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Title: The experience of the singular at the Royal Society of London, 1695-1752
Author: da Costa, P. de J. F.
Awarding Body: University of Cambridge
Current Institution: University of Cambridge
Date of Award: 2000
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Abstract:
This thesis is concerned with the role and status of singular experiences in the making and diffusion of natural knowledge at the Royal Society of London between 1695 and 1752. It is primarily focused on reports of extraordinary phenomena concerning the generation of living beings that were presented at the meetings of the Royal Society or published in the Philosophical Transactions. First, I discuss their significance in terms of their place in the natural historical agenda at the Society and of their authorship. Next, the reporting and displaying of singular experiences is considered in the context of the culture of curiosity at the Society. Some of the multiple and interconnected roles of these practices in the promotion of inquiry, instruction, polite discourse and entertainment of the Fellows are discussed. The various strategies used in the authentication of observations of extraordinary phenomena are then considered. Particular attention is paid to the roles assigned to the competence and status of the reporter and witnesses in the assessment of testimony. Next, the Fellows interest in extraordinary phenomena, as portrayed in some literary satires of the period, is discussed as part of a more general assault on the language, activities, and credibility of the members of the Royal Society. Then, I focus on the medical understanding of monstrosity at the Society, examining the use of monsters in anatomical and physiological inquiry as well as the tension involved in their understanding within a system of natural order. I also discuss human hermaphrodites as the subject of the most radical attempts by members of the Society to integrate the monstrous within the natural and social order. Finally, in the Conclusion, the relationship between the various perspectives presented in the different chapters is addressed, as well as the issue of continuity and change in the experience of the singular at the Royal Society in the eighteenth century.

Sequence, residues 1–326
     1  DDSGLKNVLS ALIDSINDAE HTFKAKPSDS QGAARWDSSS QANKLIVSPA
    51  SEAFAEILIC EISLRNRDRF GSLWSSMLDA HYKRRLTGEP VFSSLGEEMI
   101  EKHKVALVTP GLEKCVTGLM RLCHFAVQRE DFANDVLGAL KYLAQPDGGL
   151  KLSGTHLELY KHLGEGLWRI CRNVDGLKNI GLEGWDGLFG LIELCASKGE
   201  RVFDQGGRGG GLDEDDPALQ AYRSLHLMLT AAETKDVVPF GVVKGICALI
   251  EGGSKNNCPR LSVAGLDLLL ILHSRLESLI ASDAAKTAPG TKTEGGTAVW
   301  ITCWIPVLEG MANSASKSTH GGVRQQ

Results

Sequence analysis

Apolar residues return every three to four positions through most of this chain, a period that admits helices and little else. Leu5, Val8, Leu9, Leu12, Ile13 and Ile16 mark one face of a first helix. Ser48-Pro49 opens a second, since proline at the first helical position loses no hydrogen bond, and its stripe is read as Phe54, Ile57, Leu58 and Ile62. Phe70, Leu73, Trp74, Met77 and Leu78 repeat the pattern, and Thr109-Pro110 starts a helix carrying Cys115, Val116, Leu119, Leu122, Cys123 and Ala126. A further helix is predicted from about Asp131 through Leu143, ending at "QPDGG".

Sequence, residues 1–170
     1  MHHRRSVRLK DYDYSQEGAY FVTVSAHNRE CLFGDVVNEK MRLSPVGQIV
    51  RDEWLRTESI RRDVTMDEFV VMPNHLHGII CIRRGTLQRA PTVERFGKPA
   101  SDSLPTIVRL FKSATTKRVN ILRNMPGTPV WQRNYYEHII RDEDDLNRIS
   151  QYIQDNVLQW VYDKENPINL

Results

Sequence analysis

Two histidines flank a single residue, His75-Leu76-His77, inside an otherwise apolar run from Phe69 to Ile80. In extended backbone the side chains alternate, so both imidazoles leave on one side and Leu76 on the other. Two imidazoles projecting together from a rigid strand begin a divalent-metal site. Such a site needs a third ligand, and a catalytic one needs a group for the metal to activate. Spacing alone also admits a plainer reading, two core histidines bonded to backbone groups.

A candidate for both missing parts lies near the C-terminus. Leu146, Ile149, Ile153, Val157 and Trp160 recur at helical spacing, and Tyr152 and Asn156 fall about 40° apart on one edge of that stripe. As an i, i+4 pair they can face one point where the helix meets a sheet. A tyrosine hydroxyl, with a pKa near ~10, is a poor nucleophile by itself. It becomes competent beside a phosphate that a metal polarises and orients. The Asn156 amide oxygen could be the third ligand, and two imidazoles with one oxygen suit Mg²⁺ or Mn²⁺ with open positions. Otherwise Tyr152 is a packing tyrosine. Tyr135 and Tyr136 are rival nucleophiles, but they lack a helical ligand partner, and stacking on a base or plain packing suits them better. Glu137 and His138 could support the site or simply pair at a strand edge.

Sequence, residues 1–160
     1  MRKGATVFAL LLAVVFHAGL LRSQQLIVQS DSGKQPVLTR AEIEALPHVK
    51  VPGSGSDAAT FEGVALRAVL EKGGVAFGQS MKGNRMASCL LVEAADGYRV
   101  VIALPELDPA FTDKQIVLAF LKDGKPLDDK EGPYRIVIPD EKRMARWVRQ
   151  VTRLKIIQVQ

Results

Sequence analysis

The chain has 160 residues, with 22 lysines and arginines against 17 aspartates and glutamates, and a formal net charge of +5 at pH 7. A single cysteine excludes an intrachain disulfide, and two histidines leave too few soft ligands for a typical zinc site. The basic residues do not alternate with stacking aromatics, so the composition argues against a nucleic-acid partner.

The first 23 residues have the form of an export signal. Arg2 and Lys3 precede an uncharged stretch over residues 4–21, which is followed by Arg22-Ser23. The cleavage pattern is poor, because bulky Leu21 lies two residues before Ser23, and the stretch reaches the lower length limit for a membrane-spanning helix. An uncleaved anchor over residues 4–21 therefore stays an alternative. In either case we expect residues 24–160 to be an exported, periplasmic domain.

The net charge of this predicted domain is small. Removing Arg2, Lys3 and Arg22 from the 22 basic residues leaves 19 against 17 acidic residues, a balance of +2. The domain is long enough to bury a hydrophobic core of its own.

Supervisor: Not available Sponsor: Not available
Qualification Name: Thesis (Ph.D.) Qualification Level: Doctoral
EThOS ID: uk.bl.ethos.598238  DOI: Not available
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